So it behooves us, if we want to have a sober discussion of which music from this era is worthwhile, and why it endures, to remember just how much overly produced music was made by overindulged acts throughout the ‘70s. The excesses—both aesthetic and recreational—informing the scene also sorted the field, separating contenders from has-beens and assorted flavors of the Billboard Hot 100. Put bluntly, these were the not-so-good old days when coke-snorting executives in leisure suits green-lighted hit singles by acts destined for the dustbins and oldies circuit. Put even more bluntly, acts like Barry Gibb, The Bay City Rollers and K.C. and the Sunshine Band all managed to be millionaires.

No need to invoke Dickens; it was neither the best nor the worst of times. At one extreme we had dancing queens and dry ice edging ever closer to the public (and publically accepted) stage; at the opposite end of the spectacle we witnessed the emerging proposition of punk rock. To its credit, the punks’ do-it-yourself ethos scorned the self-parody of both dinosaur arena acts as well as the aforementioned jungle boogie bandwagon jumpers. This raw wave crashed in a spray of broken glass, safety pin piercings and bloody spittle that served to shake up the power-pop vanguard. The prevailing formula had suffocated on its own self-importance, and the new fashion harnessed hairspray and spite in equal measure to establish brand new ground rules.

Or at least that’s the generally sanctioned version of events we tend to hear entirely too often. Raise your hand if you’ve read (one time or one hundred times) the facile and hackneyed account of how punk killed progressive rock so that we could all live miserably ever after. The reality, as it stubbornly tends to be, is much messier and more complicated. Progressive rock came and went (and came back), but opinions differ on what specific years it covered and which artists epitomize it. Perhaps this is unavoidable, because this so-called era isn’t easily packaged into a particular time period or specific aesthetic, and what we are left with is the all-encompassing moniker of prog-rock, which manages to be inadequate, overly simplistic, reductive, portentous and… perfect?

A form of musical expression that, for lack of a better cliché, transcends time and place is created and exists on its own terms, so there is no barrier of language, ideology or agenda that prevents it from finding its audience. The only requirement is a sufficiently open mind and ears (or eyes) capable of picking up what is being put down. Of course this same criteria can be—and typically is—applied to any artistic expression. So why is it different, or at least more complicated, when it comes to assessing the pros and cons of prog rock? Put as simply—and starkly—as possible, many beautiful babies were thrown out with the bath water by hidebound critics who were content to snootily dismiss the more elaborate (pretentious!) works that certain bands were putting out as a matter of course in the early-to-mid ‘70s.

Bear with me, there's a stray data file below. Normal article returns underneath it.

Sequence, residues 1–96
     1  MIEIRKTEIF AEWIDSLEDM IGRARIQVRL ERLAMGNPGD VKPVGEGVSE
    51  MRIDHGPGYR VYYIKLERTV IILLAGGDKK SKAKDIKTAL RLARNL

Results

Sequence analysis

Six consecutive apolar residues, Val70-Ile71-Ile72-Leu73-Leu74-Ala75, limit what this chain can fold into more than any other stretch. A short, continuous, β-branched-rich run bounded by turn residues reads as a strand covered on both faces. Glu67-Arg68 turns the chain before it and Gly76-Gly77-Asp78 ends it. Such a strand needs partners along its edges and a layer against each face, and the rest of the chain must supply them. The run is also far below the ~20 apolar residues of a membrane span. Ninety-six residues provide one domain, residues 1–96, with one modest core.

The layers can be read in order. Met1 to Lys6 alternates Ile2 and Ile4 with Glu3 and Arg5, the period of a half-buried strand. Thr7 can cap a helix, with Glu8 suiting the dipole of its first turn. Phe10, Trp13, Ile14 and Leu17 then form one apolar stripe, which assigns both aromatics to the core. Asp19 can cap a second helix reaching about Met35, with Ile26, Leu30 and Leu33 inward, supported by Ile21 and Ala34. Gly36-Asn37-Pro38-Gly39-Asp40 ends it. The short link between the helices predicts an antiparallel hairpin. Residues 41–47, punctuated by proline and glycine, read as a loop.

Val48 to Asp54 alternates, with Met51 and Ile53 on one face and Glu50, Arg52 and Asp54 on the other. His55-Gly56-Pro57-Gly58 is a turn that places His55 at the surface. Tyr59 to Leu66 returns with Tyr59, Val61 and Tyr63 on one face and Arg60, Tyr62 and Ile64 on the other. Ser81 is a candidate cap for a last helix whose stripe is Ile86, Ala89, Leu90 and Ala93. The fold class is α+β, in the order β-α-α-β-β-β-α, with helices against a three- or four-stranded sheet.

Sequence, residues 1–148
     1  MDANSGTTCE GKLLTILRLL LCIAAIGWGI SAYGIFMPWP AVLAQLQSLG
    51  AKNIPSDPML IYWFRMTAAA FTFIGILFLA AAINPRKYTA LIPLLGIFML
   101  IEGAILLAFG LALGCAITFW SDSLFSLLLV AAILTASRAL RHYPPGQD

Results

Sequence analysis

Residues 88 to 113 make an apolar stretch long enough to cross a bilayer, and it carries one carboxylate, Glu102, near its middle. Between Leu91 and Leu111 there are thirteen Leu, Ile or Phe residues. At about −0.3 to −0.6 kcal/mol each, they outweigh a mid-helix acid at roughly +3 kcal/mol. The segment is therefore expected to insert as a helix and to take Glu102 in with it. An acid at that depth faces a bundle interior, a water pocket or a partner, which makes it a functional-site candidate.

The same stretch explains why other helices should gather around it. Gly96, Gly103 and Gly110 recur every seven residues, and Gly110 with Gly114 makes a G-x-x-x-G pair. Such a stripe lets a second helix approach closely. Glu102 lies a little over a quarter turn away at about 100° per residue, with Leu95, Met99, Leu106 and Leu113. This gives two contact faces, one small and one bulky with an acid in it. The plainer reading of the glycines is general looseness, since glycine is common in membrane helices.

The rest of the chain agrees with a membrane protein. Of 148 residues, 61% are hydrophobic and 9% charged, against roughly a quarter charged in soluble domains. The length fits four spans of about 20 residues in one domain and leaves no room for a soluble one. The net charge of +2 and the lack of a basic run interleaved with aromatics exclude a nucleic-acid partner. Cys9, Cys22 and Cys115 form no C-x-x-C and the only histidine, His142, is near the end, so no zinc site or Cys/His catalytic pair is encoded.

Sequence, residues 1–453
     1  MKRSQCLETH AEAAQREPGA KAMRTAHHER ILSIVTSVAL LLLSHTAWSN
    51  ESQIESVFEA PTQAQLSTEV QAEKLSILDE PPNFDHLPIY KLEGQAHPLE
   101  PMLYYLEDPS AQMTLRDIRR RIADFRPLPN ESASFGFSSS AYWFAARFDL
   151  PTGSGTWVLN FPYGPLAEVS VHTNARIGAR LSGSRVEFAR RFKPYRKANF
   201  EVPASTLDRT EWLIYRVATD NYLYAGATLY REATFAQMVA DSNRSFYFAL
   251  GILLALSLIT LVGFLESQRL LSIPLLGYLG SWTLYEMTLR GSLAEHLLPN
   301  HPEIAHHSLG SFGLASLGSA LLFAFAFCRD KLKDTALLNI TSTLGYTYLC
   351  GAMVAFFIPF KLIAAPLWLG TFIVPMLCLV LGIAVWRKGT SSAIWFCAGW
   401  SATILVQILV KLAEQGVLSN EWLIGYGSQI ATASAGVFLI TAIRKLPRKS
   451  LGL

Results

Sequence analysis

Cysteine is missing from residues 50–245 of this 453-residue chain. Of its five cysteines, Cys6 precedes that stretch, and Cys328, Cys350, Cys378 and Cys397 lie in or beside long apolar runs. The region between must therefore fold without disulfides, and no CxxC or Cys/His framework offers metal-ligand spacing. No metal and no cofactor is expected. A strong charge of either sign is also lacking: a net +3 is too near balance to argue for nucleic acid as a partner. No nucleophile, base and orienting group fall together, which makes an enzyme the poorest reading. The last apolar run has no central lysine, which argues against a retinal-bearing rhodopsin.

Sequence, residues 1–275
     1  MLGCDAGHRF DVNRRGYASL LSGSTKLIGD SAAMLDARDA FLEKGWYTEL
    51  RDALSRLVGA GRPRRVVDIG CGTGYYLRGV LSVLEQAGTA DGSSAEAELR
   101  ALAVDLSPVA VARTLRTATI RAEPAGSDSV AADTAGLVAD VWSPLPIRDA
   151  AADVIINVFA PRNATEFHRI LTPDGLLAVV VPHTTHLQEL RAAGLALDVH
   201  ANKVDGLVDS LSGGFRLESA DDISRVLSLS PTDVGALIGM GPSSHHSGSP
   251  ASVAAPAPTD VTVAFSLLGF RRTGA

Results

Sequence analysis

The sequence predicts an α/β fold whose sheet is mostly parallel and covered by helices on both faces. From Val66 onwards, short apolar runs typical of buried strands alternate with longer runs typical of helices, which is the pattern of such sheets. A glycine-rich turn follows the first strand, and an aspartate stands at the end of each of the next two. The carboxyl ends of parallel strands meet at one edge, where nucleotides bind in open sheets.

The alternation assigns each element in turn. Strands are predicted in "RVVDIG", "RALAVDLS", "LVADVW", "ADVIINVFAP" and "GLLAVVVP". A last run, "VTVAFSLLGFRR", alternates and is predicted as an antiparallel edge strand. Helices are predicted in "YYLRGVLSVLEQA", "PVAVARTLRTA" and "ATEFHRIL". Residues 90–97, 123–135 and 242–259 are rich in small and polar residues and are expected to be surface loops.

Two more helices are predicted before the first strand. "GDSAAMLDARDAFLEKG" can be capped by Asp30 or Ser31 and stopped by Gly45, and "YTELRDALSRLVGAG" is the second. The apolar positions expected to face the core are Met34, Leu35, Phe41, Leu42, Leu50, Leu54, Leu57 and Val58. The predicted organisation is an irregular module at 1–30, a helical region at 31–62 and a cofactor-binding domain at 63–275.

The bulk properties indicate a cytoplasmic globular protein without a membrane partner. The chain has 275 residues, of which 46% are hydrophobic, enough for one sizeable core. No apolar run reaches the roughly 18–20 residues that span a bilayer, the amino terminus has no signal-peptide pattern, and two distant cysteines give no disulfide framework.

One of the many reasons progressive rock remains controversial, and taken less-than-seriously by the so-called serious critics, is because fairly or not it frequently gets associated with sci-fi and fantasy. Matters of musical proficiency aside, it is true to suggest that little of the material holds up especially well, lyrically speaking (of course that is true of most rock music—a topic for another time). This is not a sufficient—or necessarily legitimate—cause to dismiss it as is usually the case, but defenders can only get so much mileage discussing the unparalleled chops of, say, ELP, Yes, Rush, et al.

“I may make you feel, but I can’t make you think”. This line, from Jethro Tull’s Thick as a Brick, serves as a succinct summation of why prog rock did—and does—inspire such intense adoration and/or aversion. The people who reject it (then, now) likely would ask, and not without merit, who wants to think? Music typically fails if it can’t burrow past your beer gut.

It’s fair to suggest that, regardless of its merits or lack thereof, the most successful music of this genre made you think. Inevitably, the artists who were too self-conscious for everyone’s sake; the ones trying a tad too hard to make you think—especially the ones who wanted to make you think how clever they were—crossed the verboten third rail of pretension and have been punished accordingly (then, now). But the best practitioners, through their lyrics, themes and conceptual ideas that occasionally spanned entire albums, went for your head as well as your heart.

For some reason the gatekeepers of the Establishment (many of whom are the ultimate hipsters, poseurs and baby-boomers; many of whom are men; many of whom, coincidentally, have written for Rolling Stone) seem embarrassed by the notion that rock music can—or should—be capable of eliciting thought as well as feeling. That it can be unaffected without the face-saving cynicism too many songwriters, the ones predictably lionized by these same besotted journalists, feel compelled to employ. What is it about prog rock in general that makes these self-satisfied scribes so uncomfortable? That is a rhetorical question.